(And Lieutenant Colombo pops his dreary head back in, and says, again, just one more thing)...."Privacy" is a red herring here because there is nothing private about 20 persons arguing out loud with each other. Recording the audio only protects the "privacy" someone needs to scratch their bum in class (you can't see it, and hopefully would not know the sound if it was loud enough to be recorded). Student marks are not announced aloud in class, student medical excuses or other dealings with prof are not recorded, and if someone does not want to be recorded, that person could communicate with the prof by email, etc. What rational being, offered a choice between rushing to take notes imperfectly and being able to hear everything said once again or take note from a helpful recording, would rush? What if a disabled (blind) student requests that the lecture be recorded, but a shy student requests that it not be recorded? I accept that the prof has to make a judgment call and is in the best position to understand the situation and the particular persons involved--but this is not the FBI recording, it is the radicals doing it to improve their radicality!

Robert Paul Wolff said...

But you see, Tony, suppose one of the students is not a radicaly trying to improve his radicality, but a student who would like, in a safe plade, to explore something he has always heard disparaged? That is a precious opportunity. Now, to be sure, most of the students may care about nothing more world shattering than their grade. But if there is one, just one, who can be coaxed by a safe place into opening his or her mind to something seriously new, then I want to protect thqat student more than I want to give the radicals a chance to "improve their radicality." All my life, that has been my commitment. Perhaps I am a teacher before I am a radical. So be it.

Tony Couture said...

Lieutenant Columbo having thought more about his crimes, popped his head in and said, just one more thing: Some people think there is safety in recording, and danger in trusting to human memory alone. It is a matter of perception: it could be seen as using the persons present to teach distant others, using persons in this moment to teach the same persons and others later--or it could be absolutely useless. It could be seen as saving paper by a Green student; it could be seen as a form of bondage where your words (say a joke that turned badly) are frozen in time so that you may then be properly pilloried. It could be seen as liberating the students from some tasks (note taking as the ideas are fired back and forth with increasing emotion) so that they say more, or as their space too, in which words are so valuable that we save them. It is true that it changes the classroom but so do "active learning," group work, field trips and many other experiments. As a final cigar, I would suggest that the harder or more difficult the philosopher, book or course [Marx being a 10 out of 10, most difficult for American students], then the more probable that the class would excel in learning as it could check an accurate record, repeat a lesson until it took hold, and find the layers of meaning through rumination. I know that others can be informed of what is happened in your class through The Philosopher's Stone, so there is no need to worry. With a final sigh, Columbo realized his cigar was beginning to taste like a thing in itself, pondered whether that experience was valuable in itself, coughed, and decided that he might have to arrest himself to end this show.

Andrew Lionel Blais said...

In a course on Marx, the point then is to open his or her mind to the possibility of being radicals? Doesn't seeing how that is done make radicals better radicals? Not sure that it is necessary to choose here.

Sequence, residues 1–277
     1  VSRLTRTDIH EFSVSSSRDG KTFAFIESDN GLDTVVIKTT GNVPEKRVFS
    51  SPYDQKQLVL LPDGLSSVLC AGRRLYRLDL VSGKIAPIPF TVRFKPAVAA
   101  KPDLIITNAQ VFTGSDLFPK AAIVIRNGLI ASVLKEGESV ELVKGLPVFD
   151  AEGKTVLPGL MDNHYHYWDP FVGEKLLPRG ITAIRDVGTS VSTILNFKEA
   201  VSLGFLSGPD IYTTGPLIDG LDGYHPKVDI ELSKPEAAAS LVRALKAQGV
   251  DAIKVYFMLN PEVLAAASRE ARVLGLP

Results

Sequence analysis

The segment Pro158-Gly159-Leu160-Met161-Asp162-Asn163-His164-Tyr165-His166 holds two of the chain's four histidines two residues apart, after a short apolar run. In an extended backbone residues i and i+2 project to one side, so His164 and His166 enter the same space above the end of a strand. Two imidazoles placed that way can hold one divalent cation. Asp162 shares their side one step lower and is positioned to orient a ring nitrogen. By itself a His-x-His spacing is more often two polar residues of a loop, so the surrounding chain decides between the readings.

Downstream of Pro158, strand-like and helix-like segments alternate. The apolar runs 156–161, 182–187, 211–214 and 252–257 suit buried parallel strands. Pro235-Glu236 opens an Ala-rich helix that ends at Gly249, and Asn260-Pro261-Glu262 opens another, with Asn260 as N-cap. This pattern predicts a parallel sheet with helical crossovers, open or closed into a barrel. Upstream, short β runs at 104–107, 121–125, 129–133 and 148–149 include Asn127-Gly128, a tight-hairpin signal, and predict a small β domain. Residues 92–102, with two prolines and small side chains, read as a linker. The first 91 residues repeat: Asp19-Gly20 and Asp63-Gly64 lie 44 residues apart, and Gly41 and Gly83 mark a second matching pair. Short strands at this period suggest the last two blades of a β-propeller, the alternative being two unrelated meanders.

Ludwig Richter said...

"Professor Wolff, I deeply admire the unwavering integrity you display in putting each individual student's potential sense of privacy above all arguments. How rare, how nearly quixotic in these days of the ubiquitous social media exposure! How fortunate are your students to have such a commitment from you!" Well said, decessero.

Professor Wolff, I would love it if, in a future post, you would talk about what kind of teaching you do in the protected space of your classroom. You lecture, of course, but I take it that you lead discussions and encourage students to offer their interpretations of texts, and so on. Maybe you could write about that some time?

jeremie jenkins said...

The practical way to deal with this issue is to simply record the lectures on your iphone without telling the students that you're doing so. If you never want to publish them, you don't have to. If you want to publish them 10 years from now, you can. Or you stash them in your archives. But nothing's missed. Imagine what those of us who were born in the 80's might have learned from Sidney Morgenbesser had he recorded his lectures. But instead, all we're left with are anecdotes.

Magpie said...

Prof. Wolff

May I suggest you ask your students if they have any objection to your recording the classes?

Chris said...

My offer stands, If you want to record yourself talking on your cell phone, then send me the recordings, I'm more than happy to edit out everything the students say. That way all that's saved for prosperity is your voice and lecture, and the students will forever remain anonymous. I can even go so far as to record myself doing this so there's definitive evidence that I've deleted their voices from history.

I'm not saying this to pressure you into recording - you can make up on your own mind on the issue, just know that my offer still stands.

Daniel said...

I know this would require double work, but would it be possible to record you giving the lecture in an empty classroom?
Or spend a day recording the entire thing (students who missed any of the previous lectures could be invited?

This probably sound a bit too much, but I think a great many of us were looking forward to hearing your lectures.